The packaging themselves are inspirations from the three mesmeric cities that are forerunners of the Art Deco movement – Paris, Mumbai and Shanghai. The designs are focused on creating a unique visual leitmotif which is associated with each city.

                The House of Hazelwood was launched exclusively in the Global Travel Retail in February last year. With an ABV of 40%, all three variants are available in a 50cl art-deco decanter style bottle and you can find them only at the exclusive retailers in Singapore Changi Airport. Remember to grab them if you are travelling anytime soon or they will soon be gone!

                More about William Grant and Sons, Ltd and Janet Sheed Roberts

                William Grant and Sons, Ltd is an independent family-owned distiller headquartered in the United Kingdom and founded by William Grant in 1887. The oldest family-owned luxury spirit company of Scotland is run by the fifth generation of his family today and distills some of the world’s leading brands of Scotch whisky, including the world’s most awarded single malt Glenfiddich, The Balvenie  range of handcrafted single malts and the world’s third largest blended Scotch Grant’s along with iconic premium spirits brands Hendrick’s Gin, Sailor Jerry Rum, Tullamore Dew Irish Whisky, Drambuie and Milagro Tequila.

                The House of Hazelwood is created  by William Grant and Sons, Ltd, inspired by both their ancestor Ms Janet Sheed Roberts and the Hazelwood House, a sturdy house that was bought by the Gordon family back in the early 1020s.. Janet Sheed Roberts united  the Grants and Gordon families, and became the undisputed matriarch of William Grants and Sons. She found her love for whisky from her grandfather while living in the Hazelwood House, travelled extensively and became the epitome of the progressive era-defining attitude of women in the 1920s and 30s.

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                  The Handy Guide to WhiskyGeeks’ Tasting Notes


                  We must emphasise that whisky tasting is subjective and every whisky blog has a different opinion on the whiskies that they have written about. While there might have been similarities, there will always be something that we might not agree on. The same could be said between us and you, as our readers. Perhaps the whiskies that we love and grade highly taste horrid to you; or the whisky that you absolutely adore is trashed by us. None of us is right, but none of us is wrong either! Remember, it is always subjective!

                  Nonetheless, we would like provide you with a handy guide so that you can easily use our tasting notes as a way to help you decide if you might like or dislike the whiskies you want to try. Our tasting notes are simply broken down to the following:

                  1. Nose
                  2. Body / Structure
                  3. Palate
                  4. Finish

                  Grading is done using the following:

                  1. Nose – 20 points
                  2. Body / Structure – 40 points
                  3. Palate – 20 points
                  4. Finish – 20 points

                  With a total of 100 points, we will use the above grading system to determine whether we think the whisky is good in our opinions. The reason that we give the body a much higher weightage is because we believe that the body of a whisky is a determining factor to whether the whisky is a good one.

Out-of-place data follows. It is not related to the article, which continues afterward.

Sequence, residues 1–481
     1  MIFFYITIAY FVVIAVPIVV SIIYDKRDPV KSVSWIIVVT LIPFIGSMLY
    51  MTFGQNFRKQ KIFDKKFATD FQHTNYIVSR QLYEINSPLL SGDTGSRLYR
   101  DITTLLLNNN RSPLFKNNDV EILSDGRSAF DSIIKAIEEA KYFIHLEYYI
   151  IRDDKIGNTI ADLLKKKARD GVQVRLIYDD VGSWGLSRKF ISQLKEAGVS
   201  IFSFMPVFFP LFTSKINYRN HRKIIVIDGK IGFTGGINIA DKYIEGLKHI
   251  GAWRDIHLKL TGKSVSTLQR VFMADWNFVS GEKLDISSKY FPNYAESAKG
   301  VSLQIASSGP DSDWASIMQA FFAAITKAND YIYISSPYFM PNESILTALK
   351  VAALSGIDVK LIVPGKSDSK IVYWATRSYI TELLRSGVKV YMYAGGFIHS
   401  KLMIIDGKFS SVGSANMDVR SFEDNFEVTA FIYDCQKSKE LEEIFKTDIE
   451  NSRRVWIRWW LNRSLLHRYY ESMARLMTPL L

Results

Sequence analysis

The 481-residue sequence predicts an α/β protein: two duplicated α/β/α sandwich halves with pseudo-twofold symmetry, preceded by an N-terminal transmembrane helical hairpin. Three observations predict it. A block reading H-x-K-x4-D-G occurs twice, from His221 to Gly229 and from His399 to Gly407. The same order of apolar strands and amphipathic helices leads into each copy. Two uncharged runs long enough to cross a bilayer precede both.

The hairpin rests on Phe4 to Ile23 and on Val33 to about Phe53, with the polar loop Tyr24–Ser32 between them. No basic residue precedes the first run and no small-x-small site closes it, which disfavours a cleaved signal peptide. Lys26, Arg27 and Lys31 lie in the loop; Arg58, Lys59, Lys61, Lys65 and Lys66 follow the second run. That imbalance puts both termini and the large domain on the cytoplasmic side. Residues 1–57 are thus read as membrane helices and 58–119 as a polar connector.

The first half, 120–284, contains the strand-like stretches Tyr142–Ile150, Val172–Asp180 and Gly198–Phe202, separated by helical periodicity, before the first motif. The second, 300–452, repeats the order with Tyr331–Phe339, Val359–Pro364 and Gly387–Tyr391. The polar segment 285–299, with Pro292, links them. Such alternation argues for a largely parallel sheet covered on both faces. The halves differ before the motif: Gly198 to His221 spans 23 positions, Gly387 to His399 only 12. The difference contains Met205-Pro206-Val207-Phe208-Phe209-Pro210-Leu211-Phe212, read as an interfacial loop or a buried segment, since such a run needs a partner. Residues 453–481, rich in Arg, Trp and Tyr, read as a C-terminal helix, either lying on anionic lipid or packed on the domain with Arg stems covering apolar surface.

We will also talk sightly about the colour, the alcohol content and the packaging whenever these information is available to us.

                  We hope that this simple guide is useful for you when reading our whisky tasting notes! Feel free to reach out to us if you have any comments, questions or feedback.

                  Thank you!

                  The WhiskyGeeks

                  Whisky Review #04 – The Macallan Ruby (NAS)


                  The Macallan Ruby is the last of the four whiskies in the 1824 Series and is considered the crown jewel of the lot. Having the richest and deepest colour in the range, the Ruby is majestic to behold. Matured and aged in the finest sherry casks, its appearance is natural; the colour and flavours are drawn directly from the casks.

                  Tasting Notes:

                  Colour: The darkest and richest red that a whisky can give, the Ruby is almost dark mahogany as we hold it up to the light.
                  ABV: 43%

                  Nose: We get strong European oak almost immediately before hints of rich, dried fruits and a trickle of treacle creep in to tickle our noses. The subtle sweetness of the dried fruits does not last and the oak reasserts itself quickly. It is burnished and matured, something that Geek Spice and Geek Choc appreciate. (15 points)

                  Palate: Ginger, nutmeg and resin rush in the moment the liquid touches the mouth, giving a rather sharp taste. Orange, sultana and raisins take over with their subtle sweetness to soften the taste, before we taste a subtle hint of clove before it is gone. The final winner is oak as we swallow. (15 points)

                  Body: A balanced whisky that deliver what the nose promised. Definitely a more assertive whisky than Macallan Sienna, the balanced body takes its time to reassert the strong oak character. (30 points)

                  Finish: A long and lingering finish that is reflective of the palate. Strong and definitive; suitable for those who loves a long finish. (16 points)

                  Total Grade: 76 points